Still, we got there just before 8, dumped the bags, and went to meet Misty. Once again, TomTom got us to Hanwell without any problems, and as I pulled up, I couldn't see any house numbers. The easiest thing when it's that dark, and that foreign, is to phone her. She said she'd seen me pull up, and with a frantic search, I could just make out a silhouette in one of the windows of someone putting down the phone. We dropped of her new whizzy PC, and you could see she was keen to get to the pub, so we left immediately. A pleasant evening was spent regaling stories, eating chips, feeding the pub dog, taking pictures of Misty without her knowledge (here and here), watching the Police book people outside, and it was a shame when we had to leave. A quick visit to the Hanwell Alcoholic's Emporium and then home for a can of Strongbow and then bed.
Waking up early, I'm not sure whether it was the planes landing at Heathrow or the local "Kosher Food Distributors" next door shouting, we prepared for a long day. I'd been in two minds about driving to Earls Court and
The actual show started out differently. Normally getting there at 9:30 means a half hour wait outside, but this year they'd set up coffee bars and seating inside for you to wait for the main show to open. They even had a few stands so we could have a go on a few games before entry.
This year the show was split between 2 levels; the main downstairs was occupied by the fruit machines and such, and upstairs was mostly video games like Sega or Konami. This meant a much more relaxed and less hectic atmosphere. The quality of the games wasn't outstanding, but Sega had interestingly decided perhaps retro was a good thing, rejuvenating Outrun last year, and this year re-releasing classics Chase H.Q. and Afterburner, both faithfully reproduced but with modern day graphics and sound.
Other innovations that stood out were a mat that looked like water. You'd step on the mat, and small ripples would eminate outwards. This was very effective, looking real ("don't you get me wet," I cried as Steff pulled his foot out), but was also entirely computer generated. Nothing more then a projector and a motion detection camera, the sales guy told me they had one in Hull Sea-life Centre, and that the custom software had fish swimming around in the water as well. Apparently kids could be seen trying to stamp on the fish, who were always getting out of the way in time. Also, not so innovative but just as impressive, was an arm wrestler adorned with tattoos etc. John failed at the first round. Steff got through to the second. I *just* managed to beat the third and final round, and the sales guy said I was the first ever to do so. I was intrigued by the technology behind it, and now (muscle wrecked) went around the back of the machine to be introduced to Mr. Mean's secret. A 48v 400w motor with a torque conversion gearbox attached. How I beat it I'll never know, but by God do I wish I hadn't! My shoulder's in bits.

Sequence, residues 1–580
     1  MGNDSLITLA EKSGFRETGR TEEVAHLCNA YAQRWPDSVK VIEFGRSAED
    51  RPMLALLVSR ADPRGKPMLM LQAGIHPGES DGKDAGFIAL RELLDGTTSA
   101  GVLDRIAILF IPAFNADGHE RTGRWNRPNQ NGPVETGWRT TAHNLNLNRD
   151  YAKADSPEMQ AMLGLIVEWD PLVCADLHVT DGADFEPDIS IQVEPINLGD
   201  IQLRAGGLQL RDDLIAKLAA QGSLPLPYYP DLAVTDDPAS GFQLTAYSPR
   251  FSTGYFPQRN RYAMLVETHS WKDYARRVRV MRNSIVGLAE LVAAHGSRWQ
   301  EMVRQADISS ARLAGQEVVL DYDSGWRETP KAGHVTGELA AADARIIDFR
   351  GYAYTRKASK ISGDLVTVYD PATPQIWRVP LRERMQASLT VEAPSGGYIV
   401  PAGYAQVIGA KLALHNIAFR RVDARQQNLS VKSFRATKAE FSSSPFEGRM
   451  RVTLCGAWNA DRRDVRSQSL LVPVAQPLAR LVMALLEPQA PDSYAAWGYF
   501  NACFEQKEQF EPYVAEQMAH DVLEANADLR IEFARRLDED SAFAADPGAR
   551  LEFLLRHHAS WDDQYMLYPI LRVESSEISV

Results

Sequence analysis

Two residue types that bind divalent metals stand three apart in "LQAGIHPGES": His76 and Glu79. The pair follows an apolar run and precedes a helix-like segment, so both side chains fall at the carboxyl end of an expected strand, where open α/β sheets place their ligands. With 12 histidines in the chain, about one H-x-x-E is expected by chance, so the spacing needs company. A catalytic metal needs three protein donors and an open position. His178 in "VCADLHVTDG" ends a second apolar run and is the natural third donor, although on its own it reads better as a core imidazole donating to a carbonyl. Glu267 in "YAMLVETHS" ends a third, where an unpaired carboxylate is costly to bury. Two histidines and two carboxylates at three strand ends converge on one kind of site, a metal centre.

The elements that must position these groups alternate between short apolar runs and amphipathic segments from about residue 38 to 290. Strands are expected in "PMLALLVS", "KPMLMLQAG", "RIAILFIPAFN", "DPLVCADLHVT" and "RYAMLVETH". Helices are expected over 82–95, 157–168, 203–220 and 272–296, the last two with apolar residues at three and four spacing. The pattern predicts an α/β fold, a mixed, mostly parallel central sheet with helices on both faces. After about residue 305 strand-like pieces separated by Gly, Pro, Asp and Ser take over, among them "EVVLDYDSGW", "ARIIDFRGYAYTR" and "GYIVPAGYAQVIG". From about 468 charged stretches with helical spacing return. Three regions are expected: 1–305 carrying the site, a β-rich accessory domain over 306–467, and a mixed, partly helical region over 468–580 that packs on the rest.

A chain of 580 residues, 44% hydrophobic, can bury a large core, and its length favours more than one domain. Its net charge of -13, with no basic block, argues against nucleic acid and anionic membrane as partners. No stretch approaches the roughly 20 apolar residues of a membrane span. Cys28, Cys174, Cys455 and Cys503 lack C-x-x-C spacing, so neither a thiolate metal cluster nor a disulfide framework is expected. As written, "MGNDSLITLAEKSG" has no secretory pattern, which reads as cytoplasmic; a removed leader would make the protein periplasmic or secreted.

Downstairs led to meeting up with a host of old colleagues, but the usual crap industry machines (seen one, seen 'em all) left us to be bored quickly, so we returned back to a now busier upstairs, and had a few games before leaving. Stopping in Reading for a bite to eat with Scaryduck, and I'd like to think he was genuinely pleased to see me. John was certainly impressed at spending time with such an internet celebrity, and the few hours flew by! I'd not decided whether to avoid the Severn Bridge or not, and when I'd heard about bad traffic on the A34 and how tired I was, I decided I'd stick to the M4 home. Finally crawling in at 9:30, John was asleep, Steff was looking like a war-torn prisoner of war, I was feeling like not one inch of me wasn't screaming out in pain.
Why do I do this?